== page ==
The concatenated output can be provided from the assembler 100 to an electronic element capable of receiving an input having the bandwidth associated with the concatenated output. In one embodiment, the electronic element is a memory element or buffer. In a complementary manner, it may also be necessary to disassemble the concatenated output into the original data streams from which it is formed.

FIG. 13 is an illustration showing a disassembler 200 of a bandwidth matching device, in accordance with one embodiment of the present invention. The disassembler 200 is capable of receiving as an input the concatenated output from the assembler 100. Each part 103A, 103B, 103C, and 103D of the input (i.e., concatenated output from the assembler 100) is transmitted to an input of a cell 203A, a cell 203B, a cell 203D, and a cell 203G, respectively. Each of cells 203B, 203D, and 203G are serially connected to a number of other cells.

An output of the cell 203B is connected to an input of a cell 203C. An output of the cell 203D is connected to an input of a cell 203E. An output of the cell 203E is connected to an input of a cell 203F. An output of the cell 203G is connected to an input of a cell 203H. An output of the cell 203H is connected to an input of a cell 2031. An output of the cell 2031 is connected to an input of a cell 203J.

In the aforementioned manner, the number of serially connected cells 203B-203J, and the cell 203A, form a stepped arrangement of cells. In one embodiment, each of the cells 203A-203J can be an edge-triggered cell such as a flip-flop. Upon receipt of a clock signal indicating a clock cycle, each of the cells 203A-203J will transmit the data currently at its input to its output. In one embodiment, a device supplying the input (i.e., the concatenated output from the assembler 100) has an adequate drive capability and a sufficient setup time relative to an input stage of a device downstream of cell 203A such that the cells 203A, 203B, 203D, and 203G are not required in the disassembler 200. For completeness, however, cells 203A, 203B, 203D, and 203G will be retained in the present discussion of the disassembler 200.

The outputs of cells 203A, 203C, 203F, and 203J are provided as inputs to each of four MUXs E, F, G, and H. Each MUX E, F, G, and H receives a selector signal SE, SF, SG, and SH, respectively. Also, each MUX E, F, G, and H has an output O0, O1, O2, and O3, respectively. Each selector signal SE, SF, SG, and SH is used to control which of the inputs (received from cells 203A, 203C, 203F, and 203J) will be transmitted to the output of each of the MUXs E, F, G, and H, respectively. Each of the MUXs E, F, G, and H are smaller than MUXs used in conventional disassembler circuitry.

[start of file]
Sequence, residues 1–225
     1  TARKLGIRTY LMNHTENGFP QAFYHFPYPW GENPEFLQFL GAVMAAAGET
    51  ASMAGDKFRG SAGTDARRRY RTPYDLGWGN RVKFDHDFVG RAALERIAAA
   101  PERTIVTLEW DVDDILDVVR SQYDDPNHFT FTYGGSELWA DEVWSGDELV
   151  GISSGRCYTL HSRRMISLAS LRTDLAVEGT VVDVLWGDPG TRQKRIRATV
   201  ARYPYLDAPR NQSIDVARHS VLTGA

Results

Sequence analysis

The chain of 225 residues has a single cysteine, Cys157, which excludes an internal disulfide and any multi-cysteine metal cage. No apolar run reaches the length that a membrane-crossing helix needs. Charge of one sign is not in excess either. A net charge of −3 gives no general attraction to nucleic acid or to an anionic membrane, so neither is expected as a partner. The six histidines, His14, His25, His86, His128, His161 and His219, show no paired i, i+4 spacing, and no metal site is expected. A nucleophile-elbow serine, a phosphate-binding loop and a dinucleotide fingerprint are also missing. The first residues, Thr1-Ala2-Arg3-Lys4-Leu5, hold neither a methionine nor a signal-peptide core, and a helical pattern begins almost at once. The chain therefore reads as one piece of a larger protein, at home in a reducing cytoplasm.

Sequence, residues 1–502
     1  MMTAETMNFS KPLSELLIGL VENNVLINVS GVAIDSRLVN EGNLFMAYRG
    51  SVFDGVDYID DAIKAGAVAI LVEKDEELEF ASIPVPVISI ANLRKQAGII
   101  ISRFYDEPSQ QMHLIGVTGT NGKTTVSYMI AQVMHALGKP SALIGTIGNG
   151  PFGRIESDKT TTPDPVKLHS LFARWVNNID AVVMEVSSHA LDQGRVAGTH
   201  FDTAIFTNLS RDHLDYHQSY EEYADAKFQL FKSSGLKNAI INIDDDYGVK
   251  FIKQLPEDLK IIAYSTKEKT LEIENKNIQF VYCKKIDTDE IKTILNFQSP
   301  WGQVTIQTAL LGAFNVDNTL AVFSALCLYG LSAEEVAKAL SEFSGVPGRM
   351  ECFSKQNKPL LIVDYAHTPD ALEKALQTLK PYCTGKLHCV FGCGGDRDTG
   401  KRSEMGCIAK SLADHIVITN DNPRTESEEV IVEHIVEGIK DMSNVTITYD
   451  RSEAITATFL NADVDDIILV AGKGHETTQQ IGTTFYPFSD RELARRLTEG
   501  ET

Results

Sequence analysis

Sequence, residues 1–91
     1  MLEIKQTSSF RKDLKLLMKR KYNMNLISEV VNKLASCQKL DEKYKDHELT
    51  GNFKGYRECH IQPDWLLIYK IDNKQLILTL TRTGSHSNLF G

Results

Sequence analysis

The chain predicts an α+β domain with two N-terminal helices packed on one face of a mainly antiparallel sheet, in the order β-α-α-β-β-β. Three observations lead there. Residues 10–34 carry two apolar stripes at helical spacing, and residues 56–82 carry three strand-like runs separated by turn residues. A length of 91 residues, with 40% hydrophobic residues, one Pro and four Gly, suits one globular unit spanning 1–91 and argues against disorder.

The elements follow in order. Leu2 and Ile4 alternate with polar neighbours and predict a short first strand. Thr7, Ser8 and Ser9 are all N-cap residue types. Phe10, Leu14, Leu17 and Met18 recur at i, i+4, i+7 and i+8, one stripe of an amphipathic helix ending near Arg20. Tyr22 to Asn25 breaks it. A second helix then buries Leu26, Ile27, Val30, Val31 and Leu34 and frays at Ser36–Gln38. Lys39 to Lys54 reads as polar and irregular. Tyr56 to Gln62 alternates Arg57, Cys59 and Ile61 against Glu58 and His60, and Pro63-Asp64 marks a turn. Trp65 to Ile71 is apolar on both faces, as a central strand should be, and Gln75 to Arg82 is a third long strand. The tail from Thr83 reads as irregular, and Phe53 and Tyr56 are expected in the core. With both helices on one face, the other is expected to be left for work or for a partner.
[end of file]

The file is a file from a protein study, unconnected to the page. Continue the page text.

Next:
In the embodiment of FIG. 13, each of the selector signals SE, SF, SG, and SH consists of four 1-bit signals with one of the 1-bit signals being high at a given time (i.e., “one-hot”). The number of 1-bit signals in the selector signal of a particular MUX is equal to the number of inputs received by the MUX. Since each of the MUXs E, F, G, and H is configured to receive four inputs, each selector signal contains four 1-bit signals. In other embodiments, the disassembler 200 may be defined to work in conjunction with an assembler 100 that generates a concatenated output having a different number of parts. In these other embodiments, the number of 1-bit signals in the selector signal of a particular MUX will continue to be equal to the number of inputs received by the MUX, with one 1-bit signal being high at a given time. In another embodiment, each of the MUXs E, F, G, and H can be something other than one-hot encoded. For example, the MUXs E, F, G, and H could have (n) control inputs encoded to select (2n) inputs.

The ordering of the 1-bit signals in the selector signals vary between the MUXs. Selector signal SEE for MUX E has a 1-bit signal ordering of {S3,S2,S1,S0}. Selector signal SF for MUX F has a 1-bit signal ordering of {S0,S3,S2,S1}. Selector signal SG for MUX G has a 1-bit signal ordering of {S1,S0,S3,S2}. Selector signal SH for MUX H has a 1-bit signal ordering of {S2,S1,S0,S3}. Each of the selector signals maintains a common sequence of 1-bit signals. However, the common sequence of 1-bit signals is successively shifted by a bit position to create each of the selector signals. Thus, the high 1-bit signal will have a different bit position in each of the selector signals at a given time. The high 1-bit signal determines which of the inputs received by the MUX will be transmitted to the output of the MUX.